Kelsey Yarzab, the policy chair at Shelter JH, told planning commissioners that she’s 25 and already feels like her time is running out in Teton County.
“It feels like we’re facing a brick wall when we look at taking our next steps in life,” Yarzab said. “I want to raise a family here, grow my career here and continue to be an active member of this community.”
Yarzab said she wants to see an equitable, sustainable neighborhood built in a timely manner. To her, integrating affordable and pricier homes together is paramount, along with requiring landowners to extend infrastructure to the deed-restricted lots.
“Without a real change, a real chance at socioeconomic mobility,” Yarzab said, “our community will continue to suffer.”
Landowners need to opt in
Deputy county attorney Abigail Moore reminded commissioners Monday that keeping regulations flexible means less risk for developers.
“It’s, again, trying to make sure that we strike that balance of getting these houses built,” Moore said. “Not just having regs [regulations] that everyone’s happy with because it guarantees something … and then the regs sit on the shelf and collect dust.”
The Northern South Park land is owned by two multi-generational families in the region: the Gills and the Lockharts.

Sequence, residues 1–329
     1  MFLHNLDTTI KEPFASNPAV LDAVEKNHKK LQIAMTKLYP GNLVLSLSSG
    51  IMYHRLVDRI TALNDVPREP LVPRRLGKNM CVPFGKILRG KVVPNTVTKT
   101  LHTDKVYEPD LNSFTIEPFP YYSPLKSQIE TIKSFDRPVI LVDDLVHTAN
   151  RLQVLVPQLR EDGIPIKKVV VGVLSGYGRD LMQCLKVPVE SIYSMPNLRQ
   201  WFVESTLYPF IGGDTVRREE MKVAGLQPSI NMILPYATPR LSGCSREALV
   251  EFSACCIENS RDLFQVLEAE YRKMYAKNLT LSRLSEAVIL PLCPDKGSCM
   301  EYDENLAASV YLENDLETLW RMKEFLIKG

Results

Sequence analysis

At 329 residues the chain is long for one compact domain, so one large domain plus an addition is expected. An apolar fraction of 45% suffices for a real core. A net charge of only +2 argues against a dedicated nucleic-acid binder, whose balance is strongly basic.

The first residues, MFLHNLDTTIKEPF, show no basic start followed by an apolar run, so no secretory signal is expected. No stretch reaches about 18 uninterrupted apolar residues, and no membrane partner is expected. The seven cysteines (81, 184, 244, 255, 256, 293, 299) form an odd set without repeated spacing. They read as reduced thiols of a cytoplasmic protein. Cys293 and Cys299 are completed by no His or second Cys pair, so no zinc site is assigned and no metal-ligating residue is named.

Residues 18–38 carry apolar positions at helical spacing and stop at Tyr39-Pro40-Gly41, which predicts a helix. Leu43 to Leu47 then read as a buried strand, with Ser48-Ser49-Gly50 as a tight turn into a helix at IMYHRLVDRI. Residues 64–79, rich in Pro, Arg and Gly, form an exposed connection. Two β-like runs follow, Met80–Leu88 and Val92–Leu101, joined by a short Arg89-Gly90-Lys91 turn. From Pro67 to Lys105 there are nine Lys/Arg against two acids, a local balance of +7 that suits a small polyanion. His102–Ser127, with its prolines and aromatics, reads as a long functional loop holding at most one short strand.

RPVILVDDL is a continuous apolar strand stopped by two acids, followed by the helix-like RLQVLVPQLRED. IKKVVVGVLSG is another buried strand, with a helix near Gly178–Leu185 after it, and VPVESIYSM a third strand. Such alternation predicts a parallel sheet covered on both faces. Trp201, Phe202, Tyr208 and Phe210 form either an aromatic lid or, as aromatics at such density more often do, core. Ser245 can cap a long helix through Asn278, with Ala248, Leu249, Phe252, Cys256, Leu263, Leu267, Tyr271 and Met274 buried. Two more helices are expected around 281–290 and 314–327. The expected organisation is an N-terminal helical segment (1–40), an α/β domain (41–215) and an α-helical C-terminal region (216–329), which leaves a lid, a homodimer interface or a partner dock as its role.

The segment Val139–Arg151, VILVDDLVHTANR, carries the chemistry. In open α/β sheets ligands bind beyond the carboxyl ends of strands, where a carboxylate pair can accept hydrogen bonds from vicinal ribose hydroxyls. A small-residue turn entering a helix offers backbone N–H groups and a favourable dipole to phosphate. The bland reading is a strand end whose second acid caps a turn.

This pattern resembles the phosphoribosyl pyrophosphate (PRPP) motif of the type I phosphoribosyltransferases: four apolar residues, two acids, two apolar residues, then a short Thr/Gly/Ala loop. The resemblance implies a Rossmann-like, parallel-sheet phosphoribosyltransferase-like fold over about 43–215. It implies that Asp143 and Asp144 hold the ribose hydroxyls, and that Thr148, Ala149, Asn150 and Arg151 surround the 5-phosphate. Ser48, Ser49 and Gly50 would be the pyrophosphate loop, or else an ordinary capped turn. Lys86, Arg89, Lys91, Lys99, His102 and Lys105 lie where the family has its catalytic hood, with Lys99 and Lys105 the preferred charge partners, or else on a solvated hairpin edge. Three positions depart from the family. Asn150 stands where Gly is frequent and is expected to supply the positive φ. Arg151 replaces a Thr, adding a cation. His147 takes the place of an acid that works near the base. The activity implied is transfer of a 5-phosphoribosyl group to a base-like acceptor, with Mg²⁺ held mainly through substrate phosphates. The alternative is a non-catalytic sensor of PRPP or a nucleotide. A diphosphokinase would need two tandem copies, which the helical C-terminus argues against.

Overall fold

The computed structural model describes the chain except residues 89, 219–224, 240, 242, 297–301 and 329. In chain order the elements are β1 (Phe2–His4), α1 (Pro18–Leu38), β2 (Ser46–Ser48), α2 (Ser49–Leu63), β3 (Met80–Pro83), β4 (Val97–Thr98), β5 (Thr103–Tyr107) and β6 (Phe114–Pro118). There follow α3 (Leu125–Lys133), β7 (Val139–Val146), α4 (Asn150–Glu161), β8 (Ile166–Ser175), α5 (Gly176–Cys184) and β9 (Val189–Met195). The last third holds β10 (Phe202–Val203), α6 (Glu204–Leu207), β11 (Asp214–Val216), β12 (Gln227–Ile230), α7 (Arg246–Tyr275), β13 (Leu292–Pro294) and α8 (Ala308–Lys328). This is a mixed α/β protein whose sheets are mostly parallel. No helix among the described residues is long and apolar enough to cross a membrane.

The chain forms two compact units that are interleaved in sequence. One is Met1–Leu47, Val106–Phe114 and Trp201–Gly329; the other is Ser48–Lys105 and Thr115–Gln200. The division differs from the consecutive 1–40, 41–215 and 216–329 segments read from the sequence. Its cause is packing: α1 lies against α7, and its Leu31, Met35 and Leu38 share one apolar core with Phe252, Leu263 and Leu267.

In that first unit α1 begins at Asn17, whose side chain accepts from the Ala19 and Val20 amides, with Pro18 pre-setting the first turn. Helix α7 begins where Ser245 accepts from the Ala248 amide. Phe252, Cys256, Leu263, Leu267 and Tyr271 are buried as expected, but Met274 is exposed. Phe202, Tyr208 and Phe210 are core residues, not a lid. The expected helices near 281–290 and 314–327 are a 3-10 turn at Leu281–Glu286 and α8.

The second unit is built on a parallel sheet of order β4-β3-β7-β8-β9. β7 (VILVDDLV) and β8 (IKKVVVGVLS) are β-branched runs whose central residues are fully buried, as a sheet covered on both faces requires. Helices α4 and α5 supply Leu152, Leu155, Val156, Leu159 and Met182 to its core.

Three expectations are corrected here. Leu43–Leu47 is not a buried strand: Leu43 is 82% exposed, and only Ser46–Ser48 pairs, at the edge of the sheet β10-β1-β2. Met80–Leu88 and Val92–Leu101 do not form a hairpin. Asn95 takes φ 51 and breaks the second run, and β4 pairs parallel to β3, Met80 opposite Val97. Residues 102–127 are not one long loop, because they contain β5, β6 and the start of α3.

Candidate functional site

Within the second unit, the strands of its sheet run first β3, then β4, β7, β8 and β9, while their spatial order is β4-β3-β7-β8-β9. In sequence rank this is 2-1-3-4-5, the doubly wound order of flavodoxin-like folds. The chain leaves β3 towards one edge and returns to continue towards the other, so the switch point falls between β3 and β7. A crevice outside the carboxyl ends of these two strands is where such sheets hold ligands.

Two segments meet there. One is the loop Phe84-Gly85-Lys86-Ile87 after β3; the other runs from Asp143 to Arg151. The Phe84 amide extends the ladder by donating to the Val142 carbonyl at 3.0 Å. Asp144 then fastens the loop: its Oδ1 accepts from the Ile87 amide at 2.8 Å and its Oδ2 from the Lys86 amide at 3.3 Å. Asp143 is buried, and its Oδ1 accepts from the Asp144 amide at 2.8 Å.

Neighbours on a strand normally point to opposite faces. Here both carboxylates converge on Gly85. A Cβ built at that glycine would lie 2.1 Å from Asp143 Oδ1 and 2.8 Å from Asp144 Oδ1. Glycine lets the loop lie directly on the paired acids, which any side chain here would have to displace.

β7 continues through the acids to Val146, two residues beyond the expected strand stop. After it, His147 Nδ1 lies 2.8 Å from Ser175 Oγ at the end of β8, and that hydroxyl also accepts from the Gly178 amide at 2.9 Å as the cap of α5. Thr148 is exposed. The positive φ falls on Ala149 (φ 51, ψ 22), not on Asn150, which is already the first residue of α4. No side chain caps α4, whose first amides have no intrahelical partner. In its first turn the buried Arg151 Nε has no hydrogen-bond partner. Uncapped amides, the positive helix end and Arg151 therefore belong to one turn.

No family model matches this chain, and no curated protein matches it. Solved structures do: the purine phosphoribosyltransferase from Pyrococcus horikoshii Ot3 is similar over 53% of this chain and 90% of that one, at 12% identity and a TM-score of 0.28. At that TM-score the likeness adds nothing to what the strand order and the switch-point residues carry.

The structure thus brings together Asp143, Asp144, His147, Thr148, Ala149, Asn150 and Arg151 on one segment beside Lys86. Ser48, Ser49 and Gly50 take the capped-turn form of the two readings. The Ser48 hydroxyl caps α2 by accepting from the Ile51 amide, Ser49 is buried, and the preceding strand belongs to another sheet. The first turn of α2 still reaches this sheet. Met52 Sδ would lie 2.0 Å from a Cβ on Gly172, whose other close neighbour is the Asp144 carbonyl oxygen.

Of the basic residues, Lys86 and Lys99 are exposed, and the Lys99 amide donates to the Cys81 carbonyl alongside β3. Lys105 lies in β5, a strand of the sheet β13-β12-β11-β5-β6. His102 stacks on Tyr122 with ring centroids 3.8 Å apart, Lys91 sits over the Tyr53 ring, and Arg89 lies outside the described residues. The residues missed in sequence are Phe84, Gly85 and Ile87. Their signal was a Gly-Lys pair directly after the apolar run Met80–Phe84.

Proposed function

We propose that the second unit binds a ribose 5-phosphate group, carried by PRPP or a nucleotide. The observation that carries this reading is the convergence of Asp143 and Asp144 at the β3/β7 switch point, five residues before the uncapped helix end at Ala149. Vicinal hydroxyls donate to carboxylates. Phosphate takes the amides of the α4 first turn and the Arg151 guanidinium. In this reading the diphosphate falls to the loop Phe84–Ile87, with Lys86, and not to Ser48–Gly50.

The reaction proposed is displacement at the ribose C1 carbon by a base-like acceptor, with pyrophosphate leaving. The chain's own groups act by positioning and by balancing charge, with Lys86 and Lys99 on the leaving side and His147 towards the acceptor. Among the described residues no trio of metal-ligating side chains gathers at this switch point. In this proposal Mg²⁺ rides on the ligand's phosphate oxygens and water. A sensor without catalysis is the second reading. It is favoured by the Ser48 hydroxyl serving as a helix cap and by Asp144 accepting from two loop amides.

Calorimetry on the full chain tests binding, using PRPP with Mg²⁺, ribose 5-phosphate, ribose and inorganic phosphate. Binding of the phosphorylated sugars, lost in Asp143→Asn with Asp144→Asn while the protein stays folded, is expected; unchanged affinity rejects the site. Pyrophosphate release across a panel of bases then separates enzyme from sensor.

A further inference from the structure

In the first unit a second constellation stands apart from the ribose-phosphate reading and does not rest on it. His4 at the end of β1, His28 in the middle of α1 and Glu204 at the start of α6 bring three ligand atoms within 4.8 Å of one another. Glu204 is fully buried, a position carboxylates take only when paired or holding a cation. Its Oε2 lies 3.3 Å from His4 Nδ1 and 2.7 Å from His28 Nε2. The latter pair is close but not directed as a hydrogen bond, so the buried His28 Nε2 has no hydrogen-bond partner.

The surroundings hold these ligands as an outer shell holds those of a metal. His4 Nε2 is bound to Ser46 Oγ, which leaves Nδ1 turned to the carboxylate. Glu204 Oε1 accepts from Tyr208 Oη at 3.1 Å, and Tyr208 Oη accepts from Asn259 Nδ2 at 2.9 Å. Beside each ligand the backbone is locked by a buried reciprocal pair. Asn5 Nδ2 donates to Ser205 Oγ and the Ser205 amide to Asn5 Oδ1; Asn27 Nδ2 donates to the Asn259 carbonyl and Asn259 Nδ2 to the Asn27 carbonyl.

The Gills have already said they intend to gift a portion of their land to local affordable housing nonprofits Habitat for Humanity and the Jackson Hole Community Housing Trust — in exchange for the ability to build more free-market homes.
The upzone means they could build between 1,200 and 1,682 units, as long as 40% of them are deed-restricted affordable housing and 30% of them are workforce.
“With land in front of us, we will be developing affordable housing,” Habitat for Humanity board member Patty Lummis said to commissioners in response to community concerns. “The land won’t just be sitting there with no affordable homes going up on it.”
Community housing trust leader Anne Cresswell followed, saying the development is “audacious” and that the various development partners need “independence” when it comes to when they build their units.
“Please don’t gamble with this opportunity at hand,” Cresswell urged commissioners.
In a mid-November meeting, Gill family representative Amberley Baker also argued against housing advocates’ call for tying the production of affordable units to free-market ones. She said the family is on the “razor’s edge” of opting into the plan, but such a move could hurt them financially.
“It is a poison pill that will kill housing in Northern South Park,” Baker said.
On Monday night, in addition to hearing from concerned residents, the board approved conducting a traffic impact study, as many residents say they are worried about potential effects to High School Road and South Park Loop.
Members also approved having certain environmental protections, such as discouraging vegetation that attracts wildlife and setting development back from streams.
The planning commission will meet again on Dec. 11 to discuss other parts of the Northern South Park project, including affordable housing.